By Renée Biery

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Add-on’s, renovations, and new construction homes can seem intimidating to take on. How do you even get started? How do you find and manage contractors? What surprises should you anticipate coming up? How long do these things take?

In this podcast, you will learn all that and so much more!







As interior designers, we have superpowers that make us an integral and critical component of the success of any construction project.

The superpower I want to share with you today is often a slight afterthought with the drawings that the clients are presented with and why it is really important for you to be on these projects early, early, early in the game so that you can affect some changes that are simply lines on a drawing and costs next to nothing to change – rather than trying to change it during the construction itself, possibly looking at change orders and/or a client saying no, just because it’s an expense they don’t want to take on. 

So, what am I talking about? It’s lighting.

It’s how we light the spaces our clients will live in.

If you are doing a large renovation or a new build, you will be looking at drawings prepared by an architect. And, of course, this drawing plan will include lighting plans or reflected ceilings or some sort of combination to illustrate the lighting that the architect is suggesting. 

A better description of what is shown in these drawings is that the lighting will meet code, and possibly go to the next step of their personal suggestions for the spaces.

Okay, code must be met. We all know that. Please look them up in your area if you aren’t familiar with them, because they must be met for life safety issues as well as to get a permit and pass your electrical inspections. 

Everything we present to clients is a suggestion. And there are countless ways you can achieve the same goal. However, I believe interior designers are better suited to work out lighting plans for their clients. 

This isn’t to talk negatively about architects. However, I find that their program is more geared to fitting the pieces into this puzzle as opposed to the level of detail a designer tends to go to once those rooms are established. 

Lighting can take on a gazillion different forms from overhead, to sconces, to table lamps, to task lighting, to mood lighting. It really is endless as well as ever-changing.

How do interior designers look at lighting differently?

The reality is we can understand the use of a space, and that space can change after we get in it and actually use it. So, there’s an important role for you to play different scenarios and poke holes in their ideas.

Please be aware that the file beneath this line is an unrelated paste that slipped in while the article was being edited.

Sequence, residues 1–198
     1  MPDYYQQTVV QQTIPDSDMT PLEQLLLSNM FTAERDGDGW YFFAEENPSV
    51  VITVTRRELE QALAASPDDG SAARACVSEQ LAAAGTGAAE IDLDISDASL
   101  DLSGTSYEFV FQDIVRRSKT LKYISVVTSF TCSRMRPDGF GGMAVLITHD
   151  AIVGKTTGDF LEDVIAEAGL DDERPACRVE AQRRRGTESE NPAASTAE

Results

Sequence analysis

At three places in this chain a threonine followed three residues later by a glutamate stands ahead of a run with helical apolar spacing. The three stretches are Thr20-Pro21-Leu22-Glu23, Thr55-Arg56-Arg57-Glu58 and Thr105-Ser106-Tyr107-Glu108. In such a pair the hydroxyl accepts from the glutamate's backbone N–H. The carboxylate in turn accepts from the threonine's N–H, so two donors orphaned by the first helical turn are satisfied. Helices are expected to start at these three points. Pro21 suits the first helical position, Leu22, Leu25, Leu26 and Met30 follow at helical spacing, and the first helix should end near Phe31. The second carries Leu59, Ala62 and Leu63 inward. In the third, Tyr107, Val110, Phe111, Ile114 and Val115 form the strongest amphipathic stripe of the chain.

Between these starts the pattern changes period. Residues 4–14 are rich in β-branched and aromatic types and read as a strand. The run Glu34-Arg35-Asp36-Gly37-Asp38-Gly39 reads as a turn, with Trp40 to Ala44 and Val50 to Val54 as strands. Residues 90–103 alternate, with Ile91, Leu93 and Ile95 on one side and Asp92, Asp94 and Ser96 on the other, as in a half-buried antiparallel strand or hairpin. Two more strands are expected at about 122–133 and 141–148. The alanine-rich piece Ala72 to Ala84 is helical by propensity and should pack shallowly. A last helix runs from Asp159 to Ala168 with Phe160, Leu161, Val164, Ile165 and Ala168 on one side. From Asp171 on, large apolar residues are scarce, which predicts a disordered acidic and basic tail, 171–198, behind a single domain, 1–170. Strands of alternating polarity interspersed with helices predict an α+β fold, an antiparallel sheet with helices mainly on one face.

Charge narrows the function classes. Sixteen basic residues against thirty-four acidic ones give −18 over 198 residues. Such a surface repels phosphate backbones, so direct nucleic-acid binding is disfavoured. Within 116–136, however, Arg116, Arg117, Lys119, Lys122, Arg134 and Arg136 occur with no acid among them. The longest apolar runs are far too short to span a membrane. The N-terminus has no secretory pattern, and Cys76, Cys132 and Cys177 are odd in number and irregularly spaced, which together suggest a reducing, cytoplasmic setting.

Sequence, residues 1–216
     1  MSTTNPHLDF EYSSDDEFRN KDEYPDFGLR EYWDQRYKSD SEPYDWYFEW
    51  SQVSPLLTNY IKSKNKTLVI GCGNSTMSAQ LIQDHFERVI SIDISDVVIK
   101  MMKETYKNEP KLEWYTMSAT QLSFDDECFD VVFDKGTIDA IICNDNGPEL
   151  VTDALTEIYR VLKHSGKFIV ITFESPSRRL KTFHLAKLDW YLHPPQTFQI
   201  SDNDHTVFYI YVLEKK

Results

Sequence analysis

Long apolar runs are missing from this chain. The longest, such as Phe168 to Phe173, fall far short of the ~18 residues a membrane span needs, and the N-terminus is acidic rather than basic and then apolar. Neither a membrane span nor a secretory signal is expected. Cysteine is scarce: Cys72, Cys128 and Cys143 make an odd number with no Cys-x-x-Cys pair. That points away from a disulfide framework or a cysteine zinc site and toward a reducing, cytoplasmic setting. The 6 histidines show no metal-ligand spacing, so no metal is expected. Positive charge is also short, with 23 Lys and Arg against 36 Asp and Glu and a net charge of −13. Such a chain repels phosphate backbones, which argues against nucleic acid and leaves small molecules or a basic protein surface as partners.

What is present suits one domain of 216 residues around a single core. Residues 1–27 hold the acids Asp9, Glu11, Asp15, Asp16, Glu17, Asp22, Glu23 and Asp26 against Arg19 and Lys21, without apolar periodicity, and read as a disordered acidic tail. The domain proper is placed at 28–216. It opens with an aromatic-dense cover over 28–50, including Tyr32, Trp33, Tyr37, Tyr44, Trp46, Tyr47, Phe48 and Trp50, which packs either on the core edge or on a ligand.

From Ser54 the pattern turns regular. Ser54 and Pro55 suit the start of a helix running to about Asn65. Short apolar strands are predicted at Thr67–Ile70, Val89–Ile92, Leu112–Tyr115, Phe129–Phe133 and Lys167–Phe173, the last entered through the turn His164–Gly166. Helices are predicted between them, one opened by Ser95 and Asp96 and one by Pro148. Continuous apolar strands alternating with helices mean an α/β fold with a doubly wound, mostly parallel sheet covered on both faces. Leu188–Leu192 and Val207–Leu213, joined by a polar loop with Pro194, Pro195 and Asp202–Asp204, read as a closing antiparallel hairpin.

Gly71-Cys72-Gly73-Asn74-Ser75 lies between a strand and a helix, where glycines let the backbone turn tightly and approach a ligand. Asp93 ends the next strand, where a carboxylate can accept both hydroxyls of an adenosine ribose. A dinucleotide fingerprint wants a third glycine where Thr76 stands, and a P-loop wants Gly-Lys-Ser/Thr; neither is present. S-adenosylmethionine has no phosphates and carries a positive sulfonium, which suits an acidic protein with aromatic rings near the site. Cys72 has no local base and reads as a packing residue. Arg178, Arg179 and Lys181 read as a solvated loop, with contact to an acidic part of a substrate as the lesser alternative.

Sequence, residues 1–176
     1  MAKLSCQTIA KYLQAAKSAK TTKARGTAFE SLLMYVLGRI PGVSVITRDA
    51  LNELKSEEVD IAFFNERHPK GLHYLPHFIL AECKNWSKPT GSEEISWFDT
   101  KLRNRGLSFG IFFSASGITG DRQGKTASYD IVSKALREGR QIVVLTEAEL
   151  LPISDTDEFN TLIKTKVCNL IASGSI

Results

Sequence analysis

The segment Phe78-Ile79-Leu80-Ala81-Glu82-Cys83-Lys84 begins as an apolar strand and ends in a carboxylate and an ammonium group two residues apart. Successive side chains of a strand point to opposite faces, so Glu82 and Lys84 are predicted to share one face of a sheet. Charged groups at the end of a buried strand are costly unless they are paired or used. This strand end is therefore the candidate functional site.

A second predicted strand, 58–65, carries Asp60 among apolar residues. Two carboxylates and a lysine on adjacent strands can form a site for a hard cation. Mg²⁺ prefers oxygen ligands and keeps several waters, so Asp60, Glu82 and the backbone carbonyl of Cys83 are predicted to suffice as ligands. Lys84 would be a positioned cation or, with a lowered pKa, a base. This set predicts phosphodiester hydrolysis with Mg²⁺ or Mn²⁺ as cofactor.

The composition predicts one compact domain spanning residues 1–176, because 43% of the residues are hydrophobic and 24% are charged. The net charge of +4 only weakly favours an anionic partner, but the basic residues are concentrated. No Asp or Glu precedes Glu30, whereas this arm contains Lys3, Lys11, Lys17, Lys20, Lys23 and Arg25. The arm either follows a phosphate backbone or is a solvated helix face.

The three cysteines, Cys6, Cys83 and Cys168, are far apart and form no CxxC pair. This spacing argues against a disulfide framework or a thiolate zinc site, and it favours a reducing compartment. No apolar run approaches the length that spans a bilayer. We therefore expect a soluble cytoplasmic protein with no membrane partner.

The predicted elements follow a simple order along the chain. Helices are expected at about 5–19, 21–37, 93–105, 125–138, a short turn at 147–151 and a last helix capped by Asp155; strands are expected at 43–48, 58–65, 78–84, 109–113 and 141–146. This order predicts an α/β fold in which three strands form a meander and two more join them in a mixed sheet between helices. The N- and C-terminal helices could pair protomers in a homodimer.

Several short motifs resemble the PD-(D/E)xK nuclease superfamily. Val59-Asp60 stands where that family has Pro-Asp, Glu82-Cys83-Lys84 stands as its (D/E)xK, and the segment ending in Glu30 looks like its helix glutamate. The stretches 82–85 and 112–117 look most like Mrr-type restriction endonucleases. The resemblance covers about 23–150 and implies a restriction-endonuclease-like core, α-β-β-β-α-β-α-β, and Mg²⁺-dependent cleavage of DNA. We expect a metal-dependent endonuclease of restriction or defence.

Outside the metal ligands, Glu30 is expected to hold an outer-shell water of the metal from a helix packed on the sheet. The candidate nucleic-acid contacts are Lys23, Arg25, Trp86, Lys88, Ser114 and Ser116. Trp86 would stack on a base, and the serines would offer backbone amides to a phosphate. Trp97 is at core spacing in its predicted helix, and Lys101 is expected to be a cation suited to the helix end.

I find there’s nothing more maddening than needing more lighting in a space and not being able to do it because I know how easy it is to avoid that situation by just giving it a little more thought, questioning, and answering with your client to get them thinking about those specific spaces.

I find clients are more hung up on the furniture, the flow of the room, and the parties they will have. They’re not thinking, “Where do I want a lamp?” That’s where you come in. Showing your expertise and your experience knowing the value that proper lighting does to a space and the quality of life that can be done in a space that you are lighting properly. 

The cheapest way to elevate all of the lighting is to do it in the very beginning when it’s simply lines on drawings. 

This is long before you pick out the fixtures themselves. This is long before the electrical rough-ins are happening. And why it is so important for you to communicate the value that you can bring to this project if they bring you on early enough. 

So you may be wondering how you keep track of all these superpowers, how you improve them, and how you build the skills and knowledge I keep talking about. 

That is where the course comes in. This is a complex niche inside our industry. There are an inordinate amount of steps required to do this work successfully. And by success, I don’t mean a pretty project at the end. To me, that is assumed. 

For me and for you, success is also a business matter. It is, ‘Did you make money? Did you avoid expensive mistakes? Did you end successfully enough that the team you’re working with wants you on their next project? Did you end successfully enough that your client wants to recommend you to all of their friends and colleagues and coworkers, anyone they can talk to? To me, that is a success. And it’s only done if you know the steps and stages and have the skills to run a project smoothly – avoiding those costly mistakes at all costs. Building the relationship in the team, showing and proving your value every step of the way. And communicating with your client the different stages they will go through with transparent and consistent communication.

And yes, I will continue to touch on all of these subjects on this podcast, but the only way to get the direct through line is inside the course I built, INTERIOR DESIGNER’S GUIDE TO CONSTRUCTION MANAGEMENT.

As always, please feel free to reach out to me if you have any questions!

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